…..'A sense of humour lends you poise, it gives you balance and it helps you to bend without breaking'…..

(HH Pujya Gurudev Swami Chinmayananda)

MenUloopal - another little food rant

There were some great comments to last week's post on the MenU. Some perfectly valid points were raised; in particular by Mara with regard to cross-cultural creations.
The Chinese restaurants in the Netherlands have been adapted not just to the Netherlands, but to Indonesia as well. In fact, most of the first Chinese restaurants in the Netherlands were actually Chinese-Indian (as we would call them, meaning Indonesian). Since Indonesia belonged to the Netherlands and a lot of Chinese migrants worked in Indonesia in low paid jobs. After Indonesia's independence however, a lot of people came to the Netherlands and quite a few of those opened restaurants. They were not strictly Chinese, nor were they Indonesian. They were a mix of both!
This is absolutely true. Chinese workers in particular were ferried all over the globe (think gold mining and railway building just for starters). In times when transportation was long and harried, they had to find ways of keeping their cuisine, using what was available to them. This resulted in lots of adaptation and what would now be called 'fusion' cooking. Nothing wrong in that at all! This pertains to the 'invaded food' mentioned last week. It is a global community and we cannot expect that there will not be change.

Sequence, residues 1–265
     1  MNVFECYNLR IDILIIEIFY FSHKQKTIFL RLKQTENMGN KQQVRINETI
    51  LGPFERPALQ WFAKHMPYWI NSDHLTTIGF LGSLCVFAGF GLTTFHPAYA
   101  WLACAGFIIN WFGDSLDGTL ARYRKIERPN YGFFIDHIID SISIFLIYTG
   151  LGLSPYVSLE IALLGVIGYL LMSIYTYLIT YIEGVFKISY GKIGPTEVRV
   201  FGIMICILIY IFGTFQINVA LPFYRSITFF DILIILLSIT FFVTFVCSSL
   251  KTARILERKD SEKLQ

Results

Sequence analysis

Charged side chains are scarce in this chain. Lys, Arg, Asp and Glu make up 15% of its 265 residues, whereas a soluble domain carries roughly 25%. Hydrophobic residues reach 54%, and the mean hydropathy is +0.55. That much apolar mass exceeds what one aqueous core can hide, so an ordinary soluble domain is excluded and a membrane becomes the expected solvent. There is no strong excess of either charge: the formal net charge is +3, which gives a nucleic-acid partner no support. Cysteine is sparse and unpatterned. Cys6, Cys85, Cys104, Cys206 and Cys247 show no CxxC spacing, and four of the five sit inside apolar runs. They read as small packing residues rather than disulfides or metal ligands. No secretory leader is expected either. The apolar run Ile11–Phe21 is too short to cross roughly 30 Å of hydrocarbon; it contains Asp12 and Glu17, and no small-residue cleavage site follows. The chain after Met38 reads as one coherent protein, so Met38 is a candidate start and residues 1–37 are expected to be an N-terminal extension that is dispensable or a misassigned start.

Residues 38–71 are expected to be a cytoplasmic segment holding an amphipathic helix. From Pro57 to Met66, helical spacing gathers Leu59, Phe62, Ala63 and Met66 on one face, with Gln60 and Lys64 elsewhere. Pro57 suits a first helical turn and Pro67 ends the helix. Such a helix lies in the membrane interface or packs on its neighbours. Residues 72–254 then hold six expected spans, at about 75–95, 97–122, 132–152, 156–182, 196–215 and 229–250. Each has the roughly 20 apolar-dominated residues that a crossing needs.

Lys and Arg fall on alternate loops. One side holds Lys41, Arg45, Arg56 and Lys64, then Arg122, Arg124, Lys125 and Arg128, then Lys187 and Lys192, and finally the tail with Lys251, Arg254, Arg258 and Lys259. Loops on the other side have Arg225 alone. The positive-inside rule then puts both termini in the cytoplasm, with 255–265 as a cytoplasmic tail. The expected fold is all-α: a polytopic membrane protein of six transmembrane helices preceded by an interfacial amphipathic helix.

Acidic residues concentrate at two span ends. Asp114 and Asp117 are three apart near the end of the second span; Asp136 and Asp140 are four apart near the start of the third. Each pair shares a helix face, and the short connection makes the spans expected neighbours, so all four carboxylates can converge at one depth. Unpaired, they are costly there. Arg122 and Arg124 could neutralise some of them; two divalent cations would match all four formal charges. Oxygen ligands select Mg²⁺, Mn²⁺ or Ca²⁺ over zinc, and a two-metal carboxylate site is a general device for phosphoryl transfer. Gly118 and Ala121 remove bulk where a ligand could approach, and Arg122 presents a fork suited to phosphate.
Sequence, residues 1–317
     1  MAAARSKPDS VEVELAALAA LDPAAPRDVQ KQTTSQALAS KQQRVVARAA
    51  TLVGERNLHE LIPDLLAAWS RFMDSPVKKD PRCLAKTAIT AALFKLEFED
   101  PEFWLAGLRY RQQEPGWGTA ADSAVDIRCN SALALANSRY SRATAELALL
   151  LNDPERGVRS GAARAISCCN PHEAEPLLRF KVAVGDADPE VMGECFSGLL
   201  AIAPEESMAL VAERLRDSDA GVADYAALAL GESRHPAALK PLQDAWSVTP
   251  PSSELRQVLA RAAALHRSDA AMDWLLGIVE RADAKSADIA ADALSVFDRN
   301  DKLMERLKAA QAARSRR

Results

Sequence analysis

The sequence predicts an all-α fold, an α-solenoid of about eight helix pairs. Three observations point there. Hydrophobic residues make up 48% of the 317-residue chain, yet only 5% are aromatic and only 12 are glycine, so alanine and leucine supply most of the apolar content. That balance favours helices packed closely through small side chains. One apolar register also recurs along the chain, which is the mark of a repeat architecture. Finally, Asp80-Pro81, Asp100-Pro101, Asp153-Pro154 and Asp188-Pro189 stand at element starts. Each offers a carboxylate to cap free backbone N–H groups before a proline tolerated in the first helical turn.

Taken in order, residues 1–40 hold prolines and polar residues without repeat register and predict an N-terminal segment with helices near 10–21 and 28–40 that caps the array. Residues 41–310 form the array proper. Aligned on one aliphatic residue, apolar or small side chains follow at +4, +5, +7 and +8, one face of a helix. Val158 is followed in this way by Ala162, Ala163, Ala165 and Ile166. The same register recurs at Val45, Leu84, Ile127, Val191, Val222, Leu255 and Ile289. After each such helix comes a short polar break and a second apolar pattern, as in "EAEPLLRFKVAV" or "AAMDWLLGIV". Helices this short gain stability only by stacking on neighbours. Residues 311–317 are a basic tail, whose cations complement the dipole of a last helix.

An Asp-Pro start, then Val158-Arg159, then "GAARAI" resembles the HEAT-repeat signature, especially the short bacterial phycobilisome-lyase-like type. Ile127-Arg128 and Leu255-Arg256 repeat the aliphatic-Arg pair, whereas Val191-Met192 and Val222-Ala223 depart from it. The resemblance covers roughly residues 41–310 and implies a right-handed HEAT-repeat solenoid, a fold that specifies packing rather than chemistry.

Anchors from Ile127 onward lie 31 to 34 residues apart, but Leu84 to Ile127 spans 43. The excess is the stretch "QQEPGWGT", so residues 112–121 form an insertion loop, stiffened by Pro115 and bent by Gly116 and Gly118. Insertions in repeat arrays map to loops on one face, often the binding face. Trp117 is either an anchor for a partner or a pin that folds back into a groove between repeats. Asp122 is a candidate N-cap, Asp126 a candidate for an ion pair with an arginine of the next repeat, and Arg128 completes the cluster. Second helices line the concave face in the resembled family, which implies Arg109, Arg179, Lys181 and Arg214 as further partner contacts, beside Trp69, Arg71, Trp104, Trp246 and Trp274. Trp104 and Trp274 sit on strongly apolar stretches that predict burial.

Others mentioned Thai and Japanese foods; yummoooo.... One of the beauties of these two cultural cuisines is that - in my experience at least - they have stuck to tradition wherever they are. The flavours of Thai and Japanese, and the style of preparation, will be in Sydney, London or San Francisco, the same as you would experience in Bangkok or Tokyo. You then, as the eater, must adapt your tastes to the cuisine and not the reverse. (Admittedly, there are a few key ingredients - I refer to 'meat' - which would not be used or given outside of the host countries, but these do not alter the essential nature of the cuisine.)

Let me be clear; there are some very fine eating establishments around the world offering authentic dishes from many origins. As more and more folk are having their interest in food engendered through such shows as the Masterchef franchise, our tastebuds are definitely getting more keen for the exotic.

On the matter of crossing culture in food it is interesting to note that India has an extremely ancient history regarding food ingredients and their place in the diet.  Sanskrit literature from the Aajur Veda (ayurveda) pertains mainly to the body and its care and function. Given that the standard life expectancy given is 100 years, it is not surprising that modern nutritional guidelines owe a lot to that tradition. Then along came the invaders.  First the Mughals, bringing cauliflower, broccoli, beetroot.